Tourism is a nexus for movement across, and the blurring of, national, cultural, linguistic and imaginative boundaries. Diverse actors attempt to utilize tourism to reinforce, shape, and sometimes challenge popular concepts of these boundaries. This chapter examines three early Anglophone guidebooks about Kyoto to explore how guidebook authors of differing national backgrounds seek to mediate corporal and imaginative encounters between tourists and locals. Through analyzing and comparing guidebooks written by authors from the West and Japan, including pre-modern texts, this chapter challenges assumptions in previous research that tourist discourses of non-Western “others” are simple impositions of Western Orientalism. Further, it demonstrates that representations are not only a product of a writer’s national and cultural background, but are also influenced by the commissioning organization, anticipated audience, and local and international discourses. The study thus highlights the complexities of representation in texts that mediate the imaginative boundaries of international tourism.
While modernization and globalization have been sweeping the Korean medical industry of late, a perhaps seemingly contradictory trend toward more personalized care has also been unfolding in certain circles. This is a brief case study of a traditional Korean medical doctor who integrates Western mindfulness protocols into traditional Korean psychology/psychiatry in order to provide that connection with his patients. This practice report shows that his adaptation of mindfulness represents a Korean counterappropriation of a Western clinical tool that was itself created by appropriating Buddhist techniques. It argues that the multivalent resonances with both science and Buddhist methods give mindfulness utility as a site for this doctor to hybridize different bodies of knowledge, to reinterpret traditional insights in modern idioms, and arrive at new therapeutic innovations for his patients.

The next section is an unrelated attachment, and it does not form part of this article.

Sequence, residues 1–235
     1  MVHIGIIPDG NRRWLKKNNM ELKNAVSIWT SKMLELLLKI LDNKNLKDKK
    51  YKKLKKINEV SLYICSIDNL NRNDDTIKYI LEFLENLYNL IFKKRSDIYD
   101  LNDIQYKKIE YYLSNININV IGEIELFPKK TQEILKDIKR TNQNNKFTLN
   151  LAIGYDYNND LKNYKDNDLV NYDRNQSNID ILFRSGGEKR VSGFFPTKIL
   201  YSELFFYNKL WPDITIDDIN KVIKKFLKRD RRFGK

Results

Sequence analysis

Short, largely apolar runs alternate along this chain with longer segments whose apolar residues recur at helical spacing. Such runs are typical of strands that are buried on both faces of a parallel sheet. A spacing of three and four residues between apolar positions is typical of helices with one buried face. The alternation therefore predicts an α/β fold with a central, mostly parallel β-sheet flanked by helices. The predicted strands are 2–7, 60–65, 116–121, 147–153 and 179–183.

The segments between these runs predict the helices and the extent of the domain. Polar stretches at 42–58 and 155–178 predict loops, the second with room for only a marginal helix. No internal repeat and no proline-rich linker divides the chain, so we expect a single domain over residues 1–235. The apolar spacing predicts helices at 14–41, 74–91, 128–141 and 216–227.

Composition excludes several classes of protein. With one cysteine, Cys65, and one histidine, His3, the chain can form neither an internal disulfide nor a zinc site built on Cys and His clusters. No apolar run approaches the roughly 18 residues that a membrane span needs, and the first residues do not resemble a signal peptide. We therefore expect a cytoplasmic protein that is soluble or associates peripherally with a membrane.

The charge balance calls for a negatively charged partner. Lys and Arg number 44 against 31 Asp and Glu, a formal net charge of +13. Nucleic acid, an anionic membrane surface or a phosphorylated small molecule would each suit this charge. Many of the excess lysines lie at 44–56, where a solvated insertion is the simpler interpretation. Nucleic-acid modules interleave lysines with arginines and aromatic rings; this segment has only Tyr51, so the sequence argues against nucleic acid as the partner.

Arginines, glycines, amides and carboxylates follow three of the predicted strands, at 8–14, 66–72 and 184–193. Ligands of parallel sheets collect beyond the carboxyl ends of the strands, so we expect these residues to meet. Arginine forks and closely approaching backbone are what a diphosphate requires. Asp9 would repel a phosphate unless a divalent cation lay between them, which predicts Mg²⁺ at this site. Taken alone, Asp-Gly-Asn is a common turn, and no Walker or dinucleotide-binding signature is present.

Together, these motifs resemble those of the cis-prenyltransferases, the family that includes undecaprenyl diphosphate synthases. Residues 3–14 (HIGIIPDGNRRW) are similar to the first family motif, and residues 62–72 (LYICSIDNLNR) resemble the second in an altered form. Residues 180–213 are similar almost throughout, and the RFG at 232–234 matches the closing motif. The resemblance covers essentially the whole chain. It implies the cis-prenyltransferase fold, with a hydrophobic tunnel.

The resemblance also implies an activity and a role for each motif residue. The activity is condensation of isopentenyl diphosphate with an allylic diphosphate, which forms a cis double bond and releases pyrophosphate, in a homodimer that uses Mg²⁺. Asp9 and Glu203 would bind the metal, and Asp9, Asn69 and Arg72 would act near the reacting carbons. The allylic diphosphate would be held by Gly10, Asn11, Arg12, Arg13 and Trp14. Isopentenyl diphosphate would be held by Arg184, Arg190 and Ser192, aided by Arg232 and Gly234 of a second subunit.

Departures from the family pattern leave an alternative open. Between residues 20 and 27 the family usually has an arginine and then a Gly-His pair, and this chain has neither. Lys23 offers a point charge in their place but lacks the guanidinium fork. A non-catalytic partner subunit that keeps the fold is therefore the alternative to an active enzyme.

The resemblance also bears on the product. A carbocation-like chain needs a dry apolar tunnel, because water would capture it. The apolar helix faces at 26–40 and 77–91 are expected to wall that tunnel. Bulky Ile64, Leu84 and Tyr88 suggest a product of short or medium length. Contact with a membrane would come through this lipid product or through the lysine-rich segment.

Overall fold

Asian Medicine is inaugurating a new type of article in this issue, the pedagogical forum. For our launch of this new format, forum editors Zanolini and Hanson invited a range of scholars and practitioners teaching East Asian medicine within diverse institutional contexts to contribute. Their different approaches to teaching can be more broadly applied to any medical tradition in Asia.
Asian Medicine is inaugurating a new type of article in this issue, the book review forum. For our launch of this new format, we have invited an extended review of a recently published landmark volume in our field and a response to the review from the volume editors.
The essentialist, implied equation between a territory and a culture has prevailed in anthropological discourse and in translation studies it was also common to most academic approaches. Faced with modern multiculturalism this view is no longer tenable. Unlike geographical borders, cultural ones are far from being fixed barriers and individuals, especially those who serve as cultural agents, have the power to define and re-define cultural boundaries. Following a “cultural turn” in the 1980s, translators have come to be conceptualized as agents of communicative process and cultural change, actively acting at so called cultural borders. However, little research has explored what translators themselves say about this aspect of their work and how they conceptualize their profession. This chapter focuses on literary translators, who in their intercultural encounters act as cultural communicative agents: persons who create contexts where cross-cultural contacts are highlighted or actually take place. It assesses the way translators understand and conceptualize their profession within the paradigmatic context of borders between cultures, and examines differences between the representations of conceptual and operational levels of translation.